The British-developed AstraZeneca/Oxford shot is being made locally by the Serum Institute of India (SII) and will be branded COVISHIELD, while Bharat Biotech has teamed up with the government-run Indian Council of Medical Research.

A lawmaker from Prime Minister Narendra Modi’s nationalist party had earlier complained about the preference for the foreign-made vaccine instead of the local one, whose approval has also raised questions about a lack of transparency in the whole process.

“Vaccines of M/s Serum and M/s Bharat Biotech are being approved for restricted use in emergency situations,” Somani read out from a written statement at a press conference. Somani did not take questions.

Both vaccines will be administered in two doses and stored at 2 to 8 degrees Celsius (36 to 48 degrees Fahrenheit), he said, without clarifying the intervals between the shots. Sources told Reuters on Saturday, January 2, the doses would have to be given 4 weeks apart.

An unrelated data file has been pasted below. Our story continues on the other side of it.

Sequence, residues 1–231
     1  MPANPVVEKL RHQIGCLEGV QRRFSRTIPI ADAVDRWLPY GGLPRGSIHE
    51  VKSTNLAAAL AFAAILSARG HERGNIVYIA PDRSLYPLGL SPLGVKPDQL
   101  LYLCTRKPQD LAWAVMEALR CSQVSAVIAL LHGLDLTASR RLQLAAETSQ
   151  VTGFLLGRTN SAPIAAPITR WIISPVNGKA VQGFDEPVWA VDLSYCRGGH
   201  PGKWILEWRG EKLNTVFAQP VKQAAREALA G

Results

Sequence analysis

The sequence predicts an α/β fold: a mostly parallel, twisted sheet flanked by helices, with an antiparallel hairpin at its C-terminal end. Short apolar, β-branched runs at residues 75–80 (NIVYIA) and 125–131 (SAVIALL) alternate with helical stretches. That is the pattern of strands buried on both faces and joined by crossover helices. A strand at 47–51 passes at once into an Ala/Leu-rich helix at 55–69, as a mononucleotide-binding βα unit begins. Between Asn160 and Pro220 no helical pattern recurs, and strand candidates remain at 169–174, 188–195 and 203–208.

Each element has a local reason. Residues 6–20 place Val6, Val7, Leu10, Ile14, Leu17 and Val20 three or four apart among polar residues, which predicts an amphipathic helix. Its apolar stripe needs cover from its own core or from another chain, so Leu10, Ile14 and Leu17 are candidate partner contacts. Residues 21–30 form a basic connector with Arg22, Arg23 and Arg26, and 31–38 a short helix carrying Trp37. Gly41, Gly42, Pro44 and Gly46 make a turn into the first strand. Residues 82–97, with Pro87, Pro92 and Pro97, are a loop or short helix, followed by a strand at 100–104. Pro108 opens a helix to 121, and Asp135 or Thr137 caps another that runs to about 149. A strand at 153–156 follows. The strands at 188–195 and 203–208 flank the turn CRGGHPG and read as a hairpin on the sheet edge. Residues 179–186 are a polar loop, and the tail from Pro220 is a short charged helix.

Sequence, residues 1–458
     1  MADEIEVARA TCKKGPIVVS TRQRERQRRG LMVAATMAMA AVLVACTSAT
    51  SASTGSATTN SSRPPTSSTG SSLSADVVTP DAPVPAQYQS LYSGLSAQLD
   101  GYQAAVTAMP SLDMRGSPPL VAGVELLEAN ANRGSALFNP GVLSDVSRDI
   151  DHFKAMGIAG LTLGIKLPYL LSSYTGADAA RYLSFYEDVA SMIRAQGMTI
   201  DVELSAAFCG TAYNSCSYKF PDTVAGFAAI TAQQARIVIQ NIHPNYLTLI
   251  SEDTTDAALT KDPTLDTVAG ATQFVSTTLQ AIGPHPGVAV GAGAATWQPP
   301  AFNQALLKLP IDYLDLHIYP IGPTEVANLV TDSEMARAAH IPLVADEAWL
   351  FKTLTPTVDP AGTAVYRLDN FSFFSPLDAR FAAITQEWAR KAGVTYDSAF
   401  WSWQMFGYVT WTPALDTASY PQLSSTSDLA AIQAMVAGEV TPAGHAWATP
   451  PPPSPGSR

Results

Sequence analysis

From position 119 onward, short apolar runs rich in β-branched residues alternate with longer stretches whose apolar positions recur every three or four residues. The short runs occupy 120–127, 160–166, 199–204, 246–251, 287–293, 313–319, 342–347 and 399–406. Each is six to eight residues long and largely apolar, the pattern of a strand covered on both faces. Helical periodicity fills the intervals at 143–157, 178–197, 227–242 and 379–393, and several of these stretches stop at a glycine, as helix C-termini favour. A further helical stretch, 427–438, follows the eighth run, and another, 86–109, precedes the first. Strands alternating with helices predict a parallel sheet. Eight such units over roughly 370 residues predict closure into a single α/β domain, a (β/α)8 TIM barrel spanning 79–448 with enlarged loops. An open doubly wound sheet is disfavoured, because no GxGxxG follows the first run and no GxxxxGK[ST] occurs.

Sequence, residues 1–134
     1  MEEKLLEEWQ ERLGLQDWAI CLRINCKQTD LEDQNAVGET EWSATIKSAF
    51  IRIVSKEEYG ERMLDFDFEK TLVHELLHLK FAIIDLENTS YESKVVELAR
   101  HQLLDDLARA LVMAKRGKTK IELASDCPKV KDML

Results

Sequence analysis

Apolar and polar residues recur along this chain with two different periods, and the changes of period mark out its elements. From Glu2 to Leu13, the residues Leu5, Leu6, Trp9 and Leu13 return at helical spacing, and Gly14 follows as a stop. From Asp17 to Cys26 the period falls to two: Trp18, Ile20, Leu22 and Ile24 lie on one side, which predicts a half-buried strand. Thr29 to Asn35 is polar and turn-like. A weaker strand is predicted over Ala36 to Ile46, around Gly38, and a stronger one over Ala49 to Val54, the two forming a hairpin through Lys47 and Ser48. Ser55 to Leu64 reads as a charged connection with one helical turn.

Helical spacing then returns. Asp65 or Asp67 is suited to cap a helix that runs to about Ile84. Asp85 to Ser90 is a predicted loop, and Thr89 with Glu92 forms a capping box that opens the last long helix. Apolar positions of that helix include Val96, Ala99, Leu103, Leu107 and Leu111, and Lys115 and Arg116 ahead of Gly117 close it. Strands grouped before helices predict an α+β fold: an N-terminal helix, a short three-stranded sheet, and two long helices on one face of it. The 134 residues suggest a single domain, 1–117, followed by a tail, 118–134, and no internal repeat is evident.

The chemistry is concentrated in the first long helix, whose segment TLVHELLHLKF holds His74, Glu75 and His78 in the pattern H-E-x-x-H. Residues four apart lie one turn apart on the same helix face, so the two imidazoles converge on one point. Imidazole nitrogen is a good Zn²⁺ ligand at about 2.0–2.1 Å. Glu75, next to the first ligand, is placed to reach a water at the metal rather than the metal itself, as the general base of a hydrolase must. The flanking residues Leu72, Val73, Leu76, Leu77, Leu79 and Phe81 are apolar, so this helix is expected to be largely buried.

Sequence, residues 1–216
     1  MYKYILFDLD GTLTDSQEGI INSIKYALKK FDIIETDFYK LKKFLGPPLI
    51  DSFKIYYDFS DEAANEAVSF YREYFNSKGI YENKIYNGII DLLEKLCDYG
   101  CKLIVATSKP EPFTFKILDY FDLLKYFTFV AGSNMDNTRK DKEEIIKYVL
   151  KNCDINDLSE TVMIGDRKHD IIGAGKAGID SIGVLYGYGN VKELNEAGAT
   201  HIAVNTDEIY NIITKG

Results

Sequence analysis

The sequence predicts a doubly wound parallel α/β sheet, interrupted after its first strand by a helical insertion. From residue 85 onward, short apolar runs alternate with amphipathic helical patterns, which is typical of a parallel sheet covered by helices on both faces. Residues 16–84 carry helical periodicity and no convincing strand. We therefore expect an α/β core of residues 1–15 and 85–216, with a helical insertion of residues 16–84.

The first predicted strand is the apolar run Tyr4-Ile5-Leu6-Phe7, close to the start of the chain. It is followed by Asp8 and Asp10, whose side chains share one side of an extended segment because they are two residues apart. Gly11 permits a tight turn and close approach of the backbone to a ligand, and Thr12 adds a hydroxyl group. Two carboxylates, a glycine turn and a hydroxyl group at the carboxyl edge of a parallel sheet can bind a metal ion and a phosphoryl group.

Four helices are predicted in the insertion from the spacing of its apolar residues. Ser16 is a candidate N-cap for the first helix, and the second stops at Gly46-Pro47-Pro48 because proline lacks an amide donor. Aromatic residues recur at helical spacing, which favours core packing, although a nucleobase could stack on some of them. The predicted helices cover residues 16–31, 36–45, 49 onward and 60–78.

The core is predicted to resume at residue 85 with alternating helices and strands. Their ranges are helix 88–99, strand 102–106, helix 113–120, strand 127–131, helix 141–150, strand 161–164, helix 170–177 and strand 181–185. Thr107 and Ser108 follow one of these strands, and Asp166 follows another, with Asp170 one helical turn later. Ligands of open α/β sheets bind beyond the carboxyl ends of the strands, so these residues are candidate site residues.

Somani said the Bharat Biotech vaccine had been approved “in public interest as an abundant precaution, in clinical trial mode, to have more options for vaccinations, especially in case of infection by mutant strains.”

Prime Minister Narendra Modi welcomed the approvals.

“It would make every Indian proud that the two vaccines that have been given emergency use approval are made in India!” he said on Twitter, calling it a sign of a “self-reliant” country.

SII, the world’s biggest vaccine producer, has already stockpiled more than 50 million doses of the AstraZeneca/Oxford vaccine even without a formal supply deal with the government.

“All the risks @SerumInstIndia took with stockpiling the vaccine, have finally paid off,” CEO Adar Poonawalla said on Twitter. “COVISHIELD, India’s first COVID-19 vaccine, is approved, safe, effective, and ready to roll-out in the coming weeks.”

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EXPLAINER: Where are we in the COVID-19 vaccine race?